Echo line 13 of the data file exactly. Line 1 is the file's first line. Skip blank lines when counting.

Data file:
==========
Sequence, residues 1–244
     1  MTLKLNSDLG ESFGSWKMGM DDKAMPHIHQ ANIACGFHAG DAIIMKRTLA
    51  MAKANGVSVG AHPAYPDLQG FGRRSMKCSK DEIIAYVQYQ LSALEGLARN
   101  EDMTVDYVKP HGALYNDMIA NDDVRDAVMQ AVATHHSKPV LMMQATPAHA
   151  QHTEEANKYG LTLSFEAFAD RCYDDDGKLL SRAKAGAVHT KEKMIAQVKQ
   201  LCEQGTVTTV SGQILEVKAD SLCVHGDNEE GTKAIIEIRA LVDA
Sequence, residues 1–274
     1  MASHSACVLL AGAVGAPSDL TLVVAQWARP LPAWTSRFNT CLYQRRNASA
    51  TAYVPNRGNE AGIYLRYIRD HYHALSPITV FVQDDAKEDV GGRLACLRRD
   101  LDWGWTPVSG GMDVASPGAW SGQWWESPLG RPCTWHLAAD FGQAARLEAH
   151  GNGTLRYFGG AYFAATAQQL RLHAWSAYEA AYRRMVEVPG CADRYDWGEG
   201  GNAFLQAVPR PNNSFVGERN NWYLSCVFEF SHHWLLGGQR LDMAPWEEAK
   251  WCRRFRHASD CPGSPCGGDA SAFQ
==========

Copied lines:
   251  WCRRFRHASD CPGSPCGGDA SAFQ